Prerequisite: Film Studies 1 (Introduction to Film: From Script to Screen) and Film Studies 20 (History of Film I)

1) One of the following: Film Studies 41 (Genre), Film Studies 42 (National Cinemas), Film Studies 43 (The Film Creator: Directors, Producers, Actors, Writers); Film Studies 44 (Television: A Critical Approach) Film Studies 45 (U.S. Television History) or Film Studies 46 (Topics in Television), or Film Studies 47 (Topics in Film).

2) One production course: Film Studies 30 (Documentary Videomaking); Film Studies 31 (Filmmaking I); Film Studies 33 (Screenwriting I); Film Studies 35 (Animation: Principles and Practice); Film Studies 36 (Experimental Videomaking); or Film Studies 37 (Directing for the Camera).

3) Film Studies 40: Theories and Methodologies of Film and Television Studies. Film Studies 40 should be taken in the Sophomore year. It may be approved for the Junior year, if absolutely necessary, in consultation with the chair.

4) One of the following: Film Studies 50 (Topics in Film Theory), or a selection from Film Studies 21, 22, 41-47. (Film and Television Studies courses at the level of 40 or above may be repeated when the topic is different.)

5) An advanced course: Film Studies 34 (Writing for the Screen II), Film Studies 32 (Filmmaking II), Film Studies 38 (Advanced Animation), Film Studies 50 (Topics in Film Theory), Film Studies 80 (Independent Study), Film Studies 93 (Major Project) a two term project, Film Studies 95 (Honors Project).

6) A Culminating Experience Course (see below).

CULMINATING EXPERIENCE

The Culminating Experience requirement is designed to offer each student an opportunity to fulfill an enhanced and focused project related directly to her/his emphasis within the major. It is required of both Majors and Modified Majors. This course will be selected and declared by each individual student, but must meet department requirements and schedules.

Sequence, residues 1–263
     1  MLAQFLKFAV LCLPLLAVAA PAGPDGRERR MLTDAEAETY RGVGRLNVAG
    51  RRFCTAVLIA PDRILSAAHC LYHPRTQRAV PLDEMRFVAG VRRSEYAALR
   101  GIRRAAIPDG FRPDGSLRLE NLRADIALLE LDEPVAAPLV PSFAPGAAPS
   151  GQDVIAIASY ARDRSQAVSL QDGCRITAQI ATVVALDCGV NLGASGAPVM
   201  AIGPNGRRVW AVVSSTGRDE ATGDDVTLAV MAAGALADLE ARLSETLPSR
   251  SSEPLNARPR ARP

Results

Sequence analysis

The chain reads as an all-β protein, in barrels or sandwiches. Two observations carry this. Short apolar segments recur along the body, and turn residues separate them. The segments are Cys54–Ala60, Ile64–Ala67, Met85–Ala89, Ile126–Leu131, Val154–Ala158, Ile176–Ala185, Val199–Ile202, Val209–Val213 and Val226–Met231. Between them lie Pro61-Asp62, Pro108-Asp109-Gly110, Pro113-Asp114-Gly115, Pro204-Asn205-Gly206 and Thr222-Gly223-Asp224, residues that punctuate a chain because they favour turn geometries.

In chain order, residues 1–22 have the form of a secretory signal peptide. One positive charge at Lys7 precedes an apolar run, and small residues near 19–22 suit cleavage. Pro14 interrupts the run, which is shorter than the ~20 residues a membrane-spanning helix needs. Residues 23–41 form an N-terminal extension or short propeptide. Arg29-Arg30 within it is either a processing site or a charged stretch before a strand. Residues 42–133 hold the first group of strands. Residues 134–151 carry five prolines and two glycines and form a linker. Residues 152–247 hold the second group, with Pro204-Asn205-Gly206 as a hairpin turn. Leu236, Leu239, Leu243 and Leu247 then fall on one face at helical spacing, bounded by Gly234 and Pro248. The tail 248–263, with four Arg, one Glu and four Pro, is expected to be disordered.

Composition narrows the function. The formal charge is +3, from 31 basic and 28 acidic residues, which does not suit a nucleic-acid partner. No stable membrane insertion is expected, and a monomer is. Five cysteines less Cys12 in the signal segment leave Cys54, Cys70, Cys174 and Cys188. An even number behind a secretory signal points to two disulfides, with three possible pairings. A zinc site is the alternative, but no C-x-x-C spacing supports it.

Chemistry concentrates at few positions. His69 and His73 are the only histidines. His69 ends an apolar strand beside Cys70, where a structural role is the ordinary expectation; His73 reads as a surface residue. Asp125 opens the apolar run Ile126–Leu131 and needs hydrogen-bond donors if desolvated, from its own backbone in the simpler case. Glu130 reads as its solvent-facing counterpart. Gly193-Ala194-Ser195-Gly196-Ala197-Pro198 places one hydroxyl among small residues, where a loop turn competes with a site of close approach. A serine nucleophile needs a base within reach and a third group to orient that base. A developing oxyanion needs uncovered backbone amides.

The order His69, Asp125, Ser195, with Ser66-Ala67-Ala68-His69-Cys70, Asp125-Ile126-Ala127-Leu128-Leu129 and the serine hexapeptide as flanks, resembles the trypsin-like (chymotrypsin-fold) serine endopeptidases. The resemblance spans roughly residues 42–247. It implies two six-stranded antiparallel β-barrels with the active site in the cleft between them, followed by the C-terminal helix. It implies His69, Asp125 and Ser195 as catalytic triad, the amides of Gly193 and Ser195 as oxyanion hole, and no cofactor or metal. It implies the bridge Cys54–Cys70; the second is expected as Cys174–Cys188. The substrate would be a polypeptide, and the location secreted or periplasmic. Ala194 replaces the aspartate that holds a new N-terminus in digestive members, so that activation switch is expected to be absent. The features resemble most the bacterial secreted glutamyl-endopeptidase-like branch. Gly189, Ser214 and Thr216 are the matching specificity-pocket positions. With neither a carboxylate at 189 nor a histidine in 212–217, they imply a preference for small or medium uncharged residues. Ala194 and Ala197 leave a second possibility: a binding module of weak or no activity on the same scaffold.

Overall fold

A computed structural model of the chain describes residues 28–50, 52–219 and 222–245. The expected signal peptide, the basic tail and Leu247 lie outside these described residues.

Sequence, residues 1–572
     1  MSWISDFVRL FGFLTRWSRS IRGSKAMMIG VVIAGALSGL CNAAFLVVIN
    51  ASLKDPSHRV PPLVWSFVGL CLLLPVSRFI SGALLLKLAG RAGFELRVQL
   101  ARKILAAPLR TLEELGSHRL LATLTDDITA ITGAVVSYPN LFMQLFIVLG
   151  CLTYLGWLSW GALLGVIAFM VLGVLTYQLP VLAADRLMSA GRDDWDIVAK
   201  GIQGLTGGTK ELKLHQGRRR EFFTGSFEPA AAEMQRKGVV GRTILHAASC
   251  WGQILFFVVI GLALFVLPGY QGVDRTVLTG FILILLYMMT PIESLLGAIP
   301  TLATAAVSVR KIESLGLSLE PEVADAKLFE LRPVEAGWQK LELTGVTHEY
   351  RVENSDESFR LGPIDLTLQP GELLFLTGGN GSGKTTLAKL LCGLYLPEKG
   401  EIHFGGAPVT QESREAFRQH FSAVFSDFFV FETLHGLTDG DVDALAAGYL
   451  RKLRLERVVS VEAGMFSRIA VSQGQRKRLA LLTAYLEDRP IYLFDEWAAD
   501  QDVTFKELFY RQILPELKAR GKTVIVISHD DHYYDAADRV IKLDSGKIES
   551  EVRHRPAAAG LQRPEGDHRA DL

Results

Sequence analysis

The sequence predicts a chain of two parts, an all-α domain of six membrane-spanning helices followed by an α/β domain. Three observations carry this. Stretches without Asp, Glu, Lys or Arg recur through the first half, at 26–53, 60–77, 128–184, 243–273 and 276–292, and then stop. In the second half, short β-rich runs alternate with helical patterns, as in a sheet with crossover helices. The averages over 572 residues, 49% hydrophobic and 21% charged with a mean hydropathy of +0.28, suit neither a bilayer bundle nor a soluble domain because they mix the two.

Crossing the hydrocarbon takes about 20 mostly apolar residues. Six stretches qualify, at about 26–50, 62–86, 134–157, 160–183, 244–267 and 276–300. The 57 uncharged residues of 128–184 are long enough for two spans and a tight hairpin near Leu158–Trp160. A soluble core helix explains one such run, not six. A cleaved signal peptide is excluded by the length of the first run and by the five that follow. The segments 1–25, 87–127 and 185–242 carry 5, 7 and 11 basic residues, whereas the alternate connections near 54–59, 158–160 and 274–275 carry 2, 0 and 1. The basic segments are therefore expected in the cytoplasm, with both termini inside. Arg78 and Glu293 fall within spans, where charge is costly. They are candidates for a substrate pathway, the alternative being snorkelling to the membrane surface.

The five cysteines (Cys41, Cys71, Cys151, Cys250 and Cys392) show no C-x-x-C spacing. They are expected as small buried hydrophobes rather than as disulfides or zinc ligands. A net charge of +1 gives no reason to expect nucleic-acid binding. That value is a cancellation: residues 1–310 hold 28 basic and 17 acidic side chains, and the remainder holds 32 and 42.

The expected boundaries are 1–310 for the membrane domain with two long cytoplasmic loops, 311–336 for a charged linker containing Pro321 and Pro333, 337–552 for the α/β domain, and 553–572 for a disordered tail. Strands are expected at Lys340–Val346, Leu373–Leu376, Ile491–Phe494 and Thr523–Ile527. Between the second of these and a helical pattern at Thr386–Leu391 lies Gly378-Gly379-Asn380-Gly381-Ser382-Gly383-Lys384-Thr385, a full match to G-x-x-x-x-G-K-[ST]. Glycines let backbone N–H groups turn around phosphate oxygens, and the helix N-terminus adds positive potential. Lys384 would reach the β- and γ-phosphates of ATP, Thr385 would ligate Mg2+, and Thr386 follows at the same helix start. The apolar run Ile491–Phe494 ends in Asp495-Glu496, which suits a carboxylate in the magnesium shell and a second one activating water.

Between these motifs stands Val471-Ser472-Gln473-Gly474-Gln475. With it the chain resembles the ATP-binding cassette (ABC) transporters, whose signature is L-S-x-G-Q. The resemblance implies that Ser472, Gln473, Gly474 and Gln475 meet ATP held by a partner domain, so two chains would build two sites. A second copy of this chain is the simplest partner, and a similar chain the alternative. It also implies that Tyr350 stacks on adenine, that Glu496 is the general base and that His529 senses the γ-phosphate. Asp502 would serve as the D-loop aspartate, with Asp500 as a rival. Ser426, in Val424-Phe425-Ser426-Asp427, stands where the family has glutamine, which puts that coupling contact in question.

The faculty will work with each student to determine the optimal design for the Culminating Experience course. This course may be one of the following:

1) An advanced class already being offered by the department, for which the student will do extra work for the culminating experience;

2) A pre-arranged independent study (Film Studies 80: Independent Study, Film Studies 93: Major Project, or Film Studies 95: Honors Project). All independent studies must be approved in the preceding term. Production independent studies require department approval of a formal proposal in the spring before senior year. Non-production independent studies require approval by the advising faculty member.

Students considering how and when to fulfill the Culminating Experience requirement. should keep in mind the following:

A) All Majors and Modified Majors must submit a general Culminating Experience proposal by May 1 of their Junior Year. The cover sheet for this proposal is available in the Department office. Each proposal must be worked out in consultation with a faculty advisor and the cover sheet must be signed by the advisor.

B) All Majors and Modified Majors are required to take Film Studies 40 before they propose or enroll in a culminating experience course. (Film Studies 40 should be taken in the Sophomore year. It may be approved for the Junior year, if absolutely necessary, in consultation with the chair.)

C) Production projects will be assessed in relation to the rest of the production curriculum. Regularly scheduled courses will have priority regarding equipment demands.